And this will be your room

UPDATE: Perhaps you recall an item in this space Sept. 1 about Giorgio Angelozzi, the elderly widower from Rome who put himself up for adoption because he was lonely and hoped that a nice family somewhere would take him on as a live-in grandfather. One has. He was deluged with offers from as far away as New Zealand. But he chose the Riva family in Bergamo, Italy, because Marlena Riva's voice "reminded me of my wife" and her two teen-agers already "call me Grandpa Giorgio." His new home also includes a pet beagle.

They put us up to this

Speaking of life-changes, Branson, Mo., resident Andrew Wilson, has made one, too. Last week, he won a court's OK to assume a new identity: They. Just ... They. Why? For amusement, yes, but also because now his name will be on everyone's lips each day, as in, "That sounds like something They would do." Oh, by the way, They is a successful inventor and holds 14 patents.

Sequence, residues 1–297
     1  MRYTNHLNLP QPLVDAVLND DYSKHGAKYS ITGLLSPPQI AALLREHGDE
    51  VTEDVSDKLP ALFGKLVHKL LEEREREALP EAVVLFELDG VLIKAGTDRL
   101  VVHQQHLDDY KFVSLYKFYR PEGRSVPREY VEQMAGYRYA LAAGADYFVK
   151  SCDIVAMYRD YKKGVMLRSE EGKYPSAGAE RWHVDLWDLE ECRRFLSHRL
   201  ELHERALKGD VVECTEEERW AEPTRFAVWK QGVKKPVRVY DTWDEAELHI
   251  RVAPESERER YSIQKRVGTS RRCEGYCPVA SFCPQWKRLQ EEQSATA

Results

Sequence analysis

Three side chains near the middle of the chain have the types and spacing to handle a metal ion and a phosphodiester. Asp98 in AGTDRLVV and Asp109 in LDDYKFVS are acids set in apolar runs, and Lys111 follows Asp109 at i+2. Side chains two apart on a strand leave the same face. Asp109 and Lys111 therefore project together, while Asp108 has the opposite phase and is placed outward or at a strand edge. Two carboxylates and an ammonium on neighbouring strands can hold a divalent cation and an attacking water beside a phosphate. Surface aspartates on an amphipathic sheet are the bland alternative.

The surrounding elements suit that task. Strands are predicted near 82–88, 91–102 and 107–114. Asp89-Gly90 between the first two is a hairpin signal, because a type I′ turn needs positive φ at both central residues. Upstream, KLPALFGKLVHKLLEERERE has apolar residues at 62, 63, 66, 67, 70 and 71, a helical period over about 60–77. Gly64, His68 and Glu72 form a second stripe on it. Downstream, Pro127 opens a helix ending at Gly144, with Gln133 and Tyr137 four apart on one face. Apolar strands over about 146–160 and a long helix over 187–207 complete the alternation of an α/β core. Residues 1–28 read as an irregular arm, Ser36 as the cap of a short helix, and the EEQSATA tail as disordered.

Honoring native americans with a brand-new tribute

The Smithsonian Institution's Museum of the American Indian, the latest addition to the National Mall in Washington, opened Sept. 21 to much fanfare. Its founders project that 4 million visitors a year - from every corner of the US - will take in the extensive collection of films, paintings, photographs, jewelry, masks, and many other objects housed in a striking, rounded limestone building designed to depict the curves of the Earth, sun, and moon. In fact, native peoples today live in all 50 states. Those with the largest numbers of American Indian and Alaska native residents, by population:

1. California 680,000
2. Oklahoma 395,000
3. Arizona 320,000
4. Texas 209,000
5. New Mexico 199,000
6. New York 184,000
7. North Carolina 138,000
8. Florida 129,000
9. Michigan 125,000
10. Alaska 122,000
- Bureau of the Census/AP

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